Originally published at In These Times
There is nothing newsworthy in the latest investigative report on working conditions in Chinese electronics factories—just the same old story, really: Once again, there’s evidence of systematic exploitation of workers, suppression of labor organizing, poor living conditions and chronic economic insecurity for young workers. What has changed is the intensity of the industry’s resistance to cleaning up the worst labor practices of China’s global manufacturing model. Even as a rising generation of young workers are increasingly disillusioned with harsh working conditions and dismal job prospects, high tech manufacturers are still taking the low road on their rights.
The report, authored by the Denmark-based DanWatch, with support from U.S.-based China Labor Watch and in collaboration with other European consumer advocacy organizations, describes disturbing workplace troubles at factories that supply the computer giant Dell.
It turns out that the chips and motherboards that bring modern efficiency to western offices are made under pretty backward conditions. Through site visits and personal interviews with workers at four factories that supply Dell (all managed by Taiwan-based companies) in Jiangsu and Guangdong, researchers uncovered evidence of numerous violations. At all four of the facilities, employees reported working long hours that sometimes totaled more than 60 a week or exceeded the legal overtime cap of 36 hours per month. In some cases, workers reported working seven days straight, without a day off. This non-stop schedule violates the voluntary standards Dell agreed to under the framework of the Electronic Industry Citizen Coalition (EICC), an industry consortium that promotes ethical sourcing.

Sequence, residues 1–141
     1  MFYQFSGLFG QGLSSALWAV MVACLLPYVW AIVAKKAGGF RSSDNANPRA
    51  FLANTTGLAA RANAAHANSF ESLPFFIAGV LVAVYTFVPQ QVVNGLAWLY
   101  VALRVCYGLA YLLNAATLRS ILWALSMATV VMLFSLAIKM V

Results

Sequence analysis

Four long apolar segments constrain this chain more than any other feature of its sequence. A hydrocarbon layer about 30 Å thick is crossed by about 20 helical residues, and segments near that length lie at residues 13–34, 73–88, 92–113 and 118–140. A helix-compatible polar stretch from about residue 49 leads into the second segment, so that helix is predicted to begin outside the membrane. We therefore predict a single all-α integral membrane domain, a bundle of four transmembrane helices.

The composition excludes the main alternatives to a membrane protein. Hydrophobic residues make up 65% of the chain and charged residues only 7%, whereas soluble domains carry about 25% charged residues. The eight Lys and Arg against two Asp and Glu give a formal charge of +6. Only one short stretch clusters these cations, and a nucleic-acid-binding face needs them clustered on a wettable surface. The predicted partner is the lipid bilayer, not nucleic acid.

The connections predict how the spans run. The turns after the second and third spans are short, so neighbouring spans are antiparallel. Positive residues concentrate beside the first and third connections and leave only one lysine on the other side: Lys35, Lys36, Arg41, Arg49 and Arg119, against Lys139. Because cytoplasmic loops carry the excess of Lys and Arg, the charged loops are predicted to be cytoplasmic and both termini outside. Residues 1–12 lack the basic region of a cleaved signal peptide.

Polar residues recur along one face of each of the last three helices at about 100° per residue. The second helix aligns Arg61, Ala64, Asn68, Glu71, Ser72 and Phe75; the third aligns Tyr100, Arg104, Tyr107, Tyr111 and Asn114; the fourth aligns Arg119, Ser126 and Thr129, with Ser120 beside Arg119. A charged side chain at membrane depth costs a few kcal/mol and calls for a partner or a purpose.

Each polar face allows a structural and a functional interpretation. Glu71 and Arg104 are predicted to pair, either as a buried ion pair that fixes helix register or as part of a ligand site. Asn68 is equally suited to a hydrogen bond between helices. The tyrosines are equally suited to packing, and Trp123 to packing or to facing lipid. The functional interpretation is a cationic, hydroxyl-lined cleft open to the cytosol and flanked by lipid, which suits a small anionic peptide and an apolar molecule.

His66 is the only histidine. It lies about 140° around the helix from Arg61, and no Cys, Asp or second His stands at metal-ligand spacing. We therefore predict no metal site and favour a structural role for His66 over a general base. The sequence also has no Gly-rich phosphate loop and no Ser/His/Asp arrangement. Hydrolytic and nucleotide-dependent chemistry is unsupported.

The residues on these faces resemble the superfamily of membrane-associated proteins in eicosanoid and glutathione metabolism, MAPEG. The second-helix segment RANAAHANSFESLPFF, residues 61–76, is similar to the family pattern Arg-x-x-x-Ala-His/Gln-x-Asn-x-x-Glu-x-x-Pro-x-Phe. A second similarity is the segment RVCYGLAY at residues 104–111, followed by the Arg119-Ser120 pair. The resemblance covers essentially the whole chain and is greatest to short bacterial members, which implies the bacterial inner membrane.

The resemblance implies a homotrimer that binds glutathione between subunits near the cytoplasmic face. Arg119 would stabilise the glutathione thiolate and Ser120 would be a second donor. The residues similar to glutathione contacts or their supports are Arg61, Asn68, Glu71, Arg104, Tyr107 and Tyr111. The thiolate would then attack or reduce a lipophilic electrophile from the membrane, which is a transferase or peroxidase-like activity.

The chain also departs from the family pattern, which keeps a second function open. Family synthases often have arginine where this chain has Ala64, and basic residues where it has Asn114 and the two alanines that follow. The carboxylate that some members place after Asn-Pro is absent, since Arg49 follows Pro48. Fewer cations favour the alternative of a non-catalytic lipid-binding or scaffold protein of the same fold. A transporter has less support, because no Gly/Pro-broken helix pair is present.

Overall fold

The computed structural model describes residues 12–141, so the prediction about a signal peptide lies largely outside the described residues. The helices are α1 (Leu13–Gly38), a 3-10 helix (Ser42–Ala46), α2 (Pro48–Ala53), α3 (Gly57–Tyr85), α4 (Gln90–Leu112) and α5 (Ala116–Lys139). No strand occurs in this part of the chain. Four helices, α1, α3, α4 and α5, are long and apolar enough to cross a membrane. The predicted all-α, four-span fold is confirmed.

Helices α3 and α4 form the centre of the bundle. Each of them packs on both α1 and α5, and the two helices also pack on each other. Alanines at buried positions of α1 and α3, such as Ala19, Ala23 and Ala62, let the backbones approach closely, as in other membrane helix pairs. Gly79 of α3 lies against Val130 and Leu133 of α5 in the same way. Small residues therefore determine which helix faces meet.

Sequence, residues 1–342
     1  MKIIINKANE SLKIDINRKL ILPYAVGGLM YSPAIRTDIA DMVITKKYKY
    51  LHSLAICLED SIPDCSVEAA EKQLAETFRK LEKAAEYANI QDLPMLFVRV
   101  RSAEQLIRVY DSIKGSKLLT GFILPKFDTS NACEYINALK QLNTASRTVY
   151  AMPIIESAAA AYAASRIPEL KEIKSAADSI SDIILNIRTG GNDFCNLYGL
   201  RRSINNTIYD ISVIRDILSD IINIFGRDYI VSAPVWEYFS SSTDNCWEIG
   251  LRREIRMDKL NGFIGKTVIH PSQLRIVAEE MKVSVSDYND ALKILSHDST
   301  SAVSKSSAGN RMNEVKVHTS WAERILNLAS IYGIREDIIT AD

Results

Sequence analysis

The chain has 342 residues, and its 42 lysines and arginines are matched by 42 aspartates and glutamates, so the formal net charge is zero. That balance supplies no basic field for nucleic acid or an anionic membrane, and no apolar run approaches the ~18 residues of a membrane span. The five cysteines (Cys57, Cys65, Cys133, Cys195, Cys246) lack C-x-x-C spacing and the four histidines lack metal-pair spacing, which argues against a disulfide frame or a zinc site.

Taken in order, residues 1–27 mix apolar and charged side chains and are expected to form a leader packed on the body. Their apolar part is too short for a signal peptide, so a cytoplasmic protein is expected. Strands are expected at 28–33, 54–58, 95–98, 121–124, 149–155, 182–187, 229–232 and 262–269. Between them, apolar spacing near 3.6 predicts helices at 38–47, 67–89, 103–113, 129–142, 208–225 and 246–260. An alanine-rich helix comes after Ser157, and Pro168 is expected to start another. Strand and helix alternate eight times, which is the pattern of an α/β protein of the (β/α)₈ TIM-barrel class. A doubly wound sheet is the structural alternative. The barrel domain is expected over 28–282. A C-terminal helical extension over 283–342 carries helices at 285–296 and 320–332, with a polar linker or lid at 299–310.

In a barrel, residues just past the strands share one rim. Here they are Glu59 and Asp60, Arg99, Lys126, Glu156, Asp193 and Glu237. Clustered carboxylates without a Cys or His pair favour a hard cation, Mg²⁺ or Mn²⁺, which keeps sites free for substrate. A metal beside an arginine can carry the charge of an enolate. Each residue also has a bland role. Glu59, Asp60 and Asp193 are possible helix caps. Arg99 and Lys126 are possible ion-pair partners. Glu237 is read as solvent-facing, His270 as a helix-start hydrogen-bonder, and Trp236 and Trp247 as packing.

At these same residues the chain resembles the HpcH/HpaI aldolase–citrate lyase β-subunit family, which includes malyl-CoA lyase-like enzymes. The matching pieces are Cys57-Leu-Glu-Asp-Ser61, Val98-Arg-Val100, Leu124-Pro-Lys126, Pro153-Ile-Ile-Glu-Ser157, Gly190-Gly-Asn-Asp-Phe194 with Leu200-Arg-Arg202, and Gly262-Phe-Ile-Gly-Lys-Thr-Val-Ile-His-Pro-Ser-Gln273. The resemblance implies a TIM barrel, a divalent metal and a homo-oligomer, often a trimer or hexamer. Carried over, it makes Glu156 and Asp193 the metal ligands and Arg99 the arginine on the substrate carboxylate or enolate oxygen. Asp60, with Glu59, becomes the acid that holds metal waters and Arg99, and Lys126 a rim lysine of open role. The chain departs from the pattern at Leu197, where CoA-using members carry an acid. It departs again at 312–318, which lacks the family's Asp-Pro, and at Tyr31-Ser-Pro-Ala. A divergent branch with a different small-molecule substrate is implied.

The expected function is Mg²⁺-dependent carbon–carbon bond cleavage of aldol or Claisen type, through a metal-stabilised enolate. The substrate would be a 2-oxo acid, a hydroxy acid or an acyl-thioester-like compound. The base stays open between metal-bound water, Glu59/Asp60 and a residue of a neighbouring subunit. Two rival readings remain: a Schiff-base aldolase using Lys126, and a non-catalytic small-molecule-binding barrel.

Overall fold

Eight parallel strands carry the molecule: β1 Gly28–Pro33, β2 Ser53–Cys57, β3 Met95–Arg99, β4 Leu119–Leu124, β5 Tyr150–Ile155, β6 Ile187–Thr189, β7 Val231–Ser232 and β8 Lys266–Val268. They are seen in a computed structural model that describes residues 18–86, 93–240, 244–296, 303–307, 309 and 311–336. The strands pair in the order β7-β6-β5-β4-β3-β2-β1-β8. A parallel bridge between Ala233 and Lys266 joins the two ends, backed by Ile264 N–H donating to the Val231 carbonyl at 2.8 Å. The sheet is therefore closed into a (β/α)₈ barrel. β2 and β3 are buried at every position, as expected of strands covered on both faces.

The report quotes one worker, Zhao Lili of Guangxi Province, describing physical exhaustion and seemingly toxic conditions on the shop floor:
“Because of the welding, the temperature is uncomfortably high and the smell is toxic. We don’t get mouth protection and I get skin irritation if I touch my face at work,” she says.
Zhao explains the work is exhausting because of the repetitive movements and long hours. “We have to stand up the entire 12 hour shift; to sit down, you have to ask for permission.”
Many, according to investigator interviews and observations, were living in cramped dormitories, with poor quality food and a single toilet for as many as 50 people. Often, employers hired “student interns” to do essentially the same work as regular full-time employees, but with less pay and job security. China Labor Watch Program Coordinator Kevin Slaten tells Working In These Times that this is common practice in an industry bent on squeezing every last drop of profit from its workforce: